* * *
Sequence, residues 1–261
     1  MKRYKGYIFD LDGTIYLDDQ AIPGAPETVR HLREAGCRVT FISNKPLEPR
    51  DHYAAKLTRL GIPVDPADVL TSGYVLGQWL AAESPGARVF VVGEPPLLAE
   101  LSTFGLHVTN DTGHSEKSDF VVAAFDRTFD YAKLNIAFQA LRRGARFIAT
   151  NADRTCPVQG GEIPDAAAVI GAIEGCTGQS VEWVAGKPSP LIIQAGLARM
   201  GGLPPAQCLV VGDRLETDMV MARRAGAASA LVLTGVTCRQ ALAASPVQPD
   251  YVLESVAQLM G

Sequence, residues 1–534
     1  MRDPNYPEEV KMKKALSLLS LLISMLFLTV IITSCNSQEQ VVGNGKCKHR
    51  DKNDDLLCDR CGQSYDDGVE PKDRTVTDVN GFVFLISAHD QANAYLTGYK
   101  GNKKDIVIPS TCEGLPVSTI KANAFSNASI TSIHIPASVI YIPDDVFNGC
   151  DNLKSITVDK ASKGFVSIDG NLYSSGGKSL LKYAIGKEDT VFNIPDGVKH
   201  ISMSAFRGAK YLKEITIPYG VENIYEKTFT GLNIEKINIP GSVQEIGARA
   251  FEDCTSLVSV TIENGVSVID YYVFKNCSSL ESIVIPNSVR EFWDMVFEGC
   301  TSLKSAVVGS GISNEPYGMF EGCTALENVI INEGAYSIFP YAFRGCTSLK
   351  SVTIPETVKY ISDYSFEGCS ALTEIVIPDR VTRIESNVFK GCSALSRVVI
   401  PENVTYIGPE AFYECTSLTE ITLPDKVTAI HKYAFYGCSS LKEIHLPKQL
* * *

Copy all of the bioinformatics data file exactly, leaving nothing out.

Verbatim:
Sequence, residues 1–261
     1  MKRYKGYIFD LDGTIYLDDQ AIPGAPETVR HLREAGCRVT FISNKPLEPR
    51  DHYAAKLTRL GIPVDPADVL TSGYVLGQWL AAESPGARVF VVGEPPLLAE
   101  LSTFGLHVTN DTGHSEKSDF VVAAFDRTFD YAKLNIAFQA LRRGARFIAT
   151  NADRTCPVQG GEIPDAAAVI GAIEGCTGQS VEWVAGKPSP LIIQAGLARM
   201  GGLPPAQCLV VGDRLETDMV MARRAGAASA LVLTGVTCRQ ALAASPVQPD
   251  YVLESVAQLM G

Sequence, residues 1–534
     1  MRDPNYPEEV KMKKALSLLS LLISMLFLTV IITSCNSQEQ VVGNGKCKHR
    51  DKNDDLLCDR CGQSYDDGVE PKDRTVTDVN GFVFLISAHD QANAYLTGYK
   101  GNKKDIVIPS TCEGLPVSTI KANAFSNASI TSIHIPASVI YIPDDVFNGC
   151  DNLKSITVDK ASKGFVSIDG NLYSSGGKSL LKYAIGKEDT VFNIPDGVKH
   201  ISMSAFRGAK YLKEITIPYG VENIYEKTFT GLNIEKINIP GSVQEIGARA
   251  FEDCTSLVSV TIENGVSVID YYVFKNCSSL ESIVIPNSVR EFWDMVFEGC
   301  TSLKSAVVGS GISNEPYGMF EGCTALENVI INEGAYSIFP YAFRGCTSLK
   351  SVTIPETVKY ISDYSFEGCS ALTEIVIPDR VTRIESNVFK GCSALSRVVI
   401  PENVTYIGPE AFYECTSLTE ITLPDKVTAI HKYAFYGCSS LKEIHLPKQL